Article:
U.S. airstrikes take place around Jalalabad in eastern Afghanistan, the most famous of which was "the wedding incident."

TIME Magazine reports: "According to U.N. figures, 2,118 civilians were killed in conflict-related violence last year, a jump of nearly 40% compared to the year before. Of that figure, pro-government [coalition and Afghan] forces were responsible for 828 deaths."

Save the Children told me that the kids in a nearby village still wake up in the middle of the night crying, "American bombs are coming!" They also showed me pictures of child soldiers recruited by local commanders (anti-Taliban) in the area. But when I asked if there were any efforts to help these kids deal with the trauma, they were confused.

We are already seeing the effects of post-traumatic stress at home, in the soldiers returning from Iraq and Afghanistan. But nothing seems to be in place to deal with the generations coming out of war in our overseas combat zones. If it only takes one person, or a few, to produce a suicide bomber, then the violence we are seeing today might only be a foreshadowing of the instability and global terrorism that is to come.

Similarly, among IDPs from Pakistani military operations in the tribal areas and SWAT, I worry about the effects of war trauma. But Afghanistan and Pakistan are struggling just to provide medical care to the victims of war. They are not equipped to provide specialized psychological care to children. The international community must lead the way, starting in urban IDP camps and training locals to provide long-term care.

Wednesday, June 3, 2009

Sad Sight

"There is no sadder sight than a young pessimist"

---Mark Twain---

Monday, June 1, 2009

Our Second Day in Afghanistan

From email sent by Umaimah on May 24, 2009:

We drove to Jalalabad this morning – a 90 min drive that took us 4 hours b/c of accidents and road blockage, which it seems is very common on this road. We visited a government school where the kids were taking their exams under the tree b/c it was too hot in the classrooms. The school had 1800 children and just over 35 teachers. It was a boys school.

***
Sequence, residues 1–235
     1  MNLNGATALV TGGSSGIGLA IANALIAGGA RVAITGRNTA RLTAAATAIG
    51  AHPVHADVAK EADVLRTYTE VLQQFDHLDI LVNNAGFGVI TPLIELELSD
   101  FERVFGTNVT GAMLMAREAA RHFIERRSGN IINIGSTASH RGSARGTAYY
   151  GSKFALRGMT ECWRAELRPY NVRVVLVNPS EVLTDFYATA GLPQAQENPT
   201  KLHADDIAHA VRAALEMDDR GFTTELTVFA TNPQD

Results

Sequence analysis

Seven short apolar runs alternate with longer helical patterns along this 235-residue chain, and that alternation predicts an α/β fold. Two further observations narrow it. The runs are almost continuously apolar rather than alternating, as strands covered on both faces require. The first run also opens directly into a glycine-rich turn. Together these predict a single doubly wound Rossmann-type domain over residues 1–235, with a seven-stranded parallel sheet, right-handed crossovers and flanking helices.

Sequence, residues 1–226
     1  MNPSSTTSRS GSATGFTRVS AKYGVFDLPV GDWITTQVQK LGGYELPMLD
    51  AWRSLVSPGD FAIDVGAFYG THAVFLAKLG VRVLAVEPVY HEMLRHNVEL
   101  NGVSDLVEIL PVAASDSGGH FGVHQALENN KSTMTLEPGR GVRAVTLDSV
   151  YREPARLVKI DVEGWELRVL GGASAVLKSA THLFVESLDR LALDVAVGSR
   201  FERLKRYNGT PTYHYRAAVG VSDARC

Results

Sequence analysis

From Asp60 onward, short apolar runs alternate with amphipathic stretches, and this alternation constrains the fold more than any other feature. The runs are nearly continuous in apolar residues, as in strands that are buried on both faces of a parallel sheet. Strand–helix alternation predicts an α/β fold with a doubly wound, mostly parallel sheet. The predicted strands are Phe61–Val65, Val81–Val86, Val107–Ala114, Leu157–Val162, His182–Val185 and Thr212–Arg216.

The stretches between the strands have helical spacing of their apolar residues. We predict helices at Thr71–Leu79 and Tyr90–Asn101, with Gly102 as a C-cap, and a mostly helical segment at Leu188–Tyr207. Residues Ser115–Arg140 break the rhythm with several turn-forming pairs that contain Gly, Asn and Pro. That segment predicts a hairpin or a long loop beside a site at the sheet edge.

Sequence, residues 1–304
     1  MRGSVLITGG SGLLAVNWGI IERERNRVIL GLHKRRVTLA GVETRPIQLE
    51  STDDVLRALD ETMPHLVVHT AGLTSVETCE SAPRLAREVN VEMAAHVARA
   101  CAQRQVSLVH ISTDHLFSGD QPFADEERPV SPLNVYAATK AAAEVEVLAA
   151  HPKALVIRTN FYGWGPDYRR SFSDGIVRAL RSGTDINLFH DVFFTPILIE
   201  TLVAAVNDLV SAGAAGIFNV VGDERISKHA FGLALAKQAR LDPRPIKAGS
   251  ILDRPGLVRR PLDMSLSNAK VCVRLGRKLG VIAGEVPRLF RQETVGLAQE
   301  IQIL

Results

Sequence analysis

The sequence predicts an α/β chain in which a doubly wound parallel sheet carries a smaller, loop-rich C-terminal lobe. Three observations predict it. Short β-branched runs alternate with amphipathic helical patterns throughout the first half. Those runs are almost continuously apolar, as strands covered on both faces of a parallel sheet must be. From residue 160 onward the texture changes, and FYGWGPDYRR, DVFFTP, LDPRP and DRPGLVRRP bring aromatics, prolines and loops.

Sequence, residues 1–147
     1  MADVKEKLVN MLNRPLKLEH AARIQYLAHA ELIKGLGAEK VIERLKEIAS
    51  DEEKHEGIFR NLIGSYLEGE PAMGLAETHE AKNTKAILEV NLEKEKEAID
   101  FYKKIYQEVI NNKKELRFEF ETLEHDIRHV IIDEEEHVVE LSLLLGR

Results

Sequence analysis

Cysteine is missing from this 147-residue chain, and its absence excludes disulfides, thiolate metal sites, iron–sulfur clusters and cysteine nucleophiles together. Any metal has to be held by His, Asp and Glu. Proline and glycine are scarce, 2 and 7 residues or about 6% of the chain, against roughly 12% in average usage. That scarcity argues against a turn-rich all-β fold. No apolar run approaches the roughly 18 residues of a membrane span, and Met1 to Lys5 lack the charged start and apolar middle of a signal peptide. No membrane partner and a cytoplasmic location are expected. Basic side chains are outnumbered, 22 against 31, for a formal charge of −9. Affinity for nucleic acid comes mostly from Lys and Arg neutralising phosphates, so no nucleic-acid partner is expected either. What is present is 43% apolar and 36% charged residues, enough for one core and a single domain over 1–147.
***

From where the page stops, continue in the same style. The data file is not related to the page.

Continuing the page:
We then saw a private school – nursery to grade 2, which was co-ed, and full of energy and life. it was for the upper-middle class of Jalalabad. The school was established by a lawyer-turned-educationalist/entrepreneur from Pakistan. The school fees were over AFG 1000 per month.

We then visited WADAN’s community based schools, separate for girls and boys. The schools were run in a make-shift building that a local businessman had allowed WADAN to use for the time-being. The school was just a few throws away from Tora Bora.

On the way to Jalabad we saw coalition forces in sniper mode, pointing their guns to what seemed like a plain beautiful innocuous mountain. We were told that they might’ve gotten the news that there were Taliban in the mountains as this was known to be a troubled spot. After another 4+ hr drive back, with a new set of road blockages, we got back to our hotel in Kabul and then joined for a dinner hosted by WADAN at the WADAN office.

We met some great people there including Rachel Lehr, the founder of Rubia. WADAN’s MD Mr. Naseeb and Jean Kissell then introduced dreamfly to Afghanistan’s Minister of EDU who sat with the Minister for a very good conversation around the ministry’s priorities, most critical challenges, and areas that they need dreamfly’s support in. Mona made sure she asked some tough questions of the minister on behalf of dreamfly!

Friday, May 29, 2009

Our first day in Afghanistan

    Umaimah wrote this in email  dated May 23, 2009:

    Mona and I arrived in Afghanistan yesterday. We met with officials from WADAN, including the Managing Director of WADAN, Mohammed Naseeb, WADAN’s Program Director and lead for Education initiatives, Jean Kissell, and the Assistant Program Manager for WADAN, Inayatullah Niazi. WADAN officials briefed us on the education status in Afghanistan as well as the activities of the government, the local NGOs, the private sector, and the multilateral organizations in the country.

-          We had a meeting with the Senior Policy Advisor for the Ministry of Education & General Director of Teacher Education, Susan Wardak. Susan briefed us on what she believes is the most critical challenge in Education in Afghanistan, lack of qualified quality teachers. We shared with Susan our experiences from Pakistan, the learnings we could bring to Afghanistan, and potential areas for collaboration. Susan shared her belief that investment should be made in people development and human resource capacity building rather than infrastructure. She was very receptive and welcoming to dreamfly and interested in engaging in potential collaboration.